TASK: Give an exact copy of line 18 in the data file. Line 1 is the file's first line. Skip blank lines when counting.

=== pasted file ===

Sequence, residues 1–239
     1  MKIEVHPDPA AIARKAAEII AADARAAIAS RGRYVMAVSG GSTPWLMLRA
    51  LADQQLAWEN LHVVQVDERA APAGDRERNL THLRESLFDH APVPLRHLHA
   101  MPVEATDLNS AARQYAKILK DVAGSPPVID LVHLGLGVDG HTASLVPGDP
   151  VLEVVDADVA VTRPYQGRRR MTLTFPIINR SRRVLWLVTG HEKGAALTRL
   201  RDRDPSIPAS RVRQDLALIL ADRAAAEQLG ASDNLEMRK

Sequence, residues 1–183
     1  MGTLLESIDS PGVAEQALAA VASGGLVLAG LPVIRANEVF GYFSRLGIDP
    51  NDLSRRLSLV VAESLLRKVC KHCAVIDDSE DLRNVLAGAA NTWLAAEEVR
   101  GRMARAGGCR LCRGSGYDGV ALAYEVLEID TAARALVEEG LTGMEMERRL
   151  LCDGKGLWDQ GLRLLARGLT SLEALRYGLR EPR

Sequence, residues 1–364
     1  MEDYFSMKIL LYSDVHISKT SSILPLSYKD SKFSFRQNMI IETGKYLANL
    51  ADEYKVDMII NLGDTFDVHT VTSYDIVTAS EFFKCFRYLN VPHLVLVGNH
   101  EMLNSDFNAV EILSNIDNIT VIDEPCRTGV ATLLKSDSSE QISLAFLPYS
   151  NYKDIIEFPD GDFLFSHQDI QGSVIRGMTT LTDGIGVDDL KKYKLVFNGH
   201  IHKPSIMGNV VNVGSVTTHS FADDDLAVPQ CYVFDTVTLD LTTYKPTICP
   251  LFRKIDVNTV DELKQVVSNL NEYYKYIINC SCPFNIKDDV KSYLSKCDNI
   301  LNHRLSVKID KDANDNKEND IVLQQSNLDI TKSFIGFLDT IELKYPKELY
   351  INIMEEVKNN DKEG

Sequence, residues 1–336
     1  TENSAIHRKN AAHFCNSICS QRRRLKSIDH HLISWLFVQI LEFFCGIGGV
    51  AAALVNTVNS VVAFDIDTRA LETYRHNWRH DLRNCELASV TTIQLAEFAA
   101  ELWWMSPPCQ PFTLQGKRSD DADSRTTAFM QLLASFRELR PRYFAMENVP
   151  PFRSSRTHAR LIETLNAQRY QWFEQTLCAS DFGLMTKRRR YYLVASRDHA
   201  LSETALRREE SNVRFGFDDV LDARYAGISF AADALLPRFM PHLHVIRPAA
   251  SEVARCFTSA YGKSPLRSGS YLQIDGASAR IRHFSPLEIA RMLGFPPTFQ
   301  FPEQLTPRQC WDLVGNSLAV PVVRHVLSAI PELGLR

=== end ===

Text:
   251  LFRKIDVNTV DELKQVVSNL NEYYKYIINC SCPFNIKDDV KSYLSKCDNI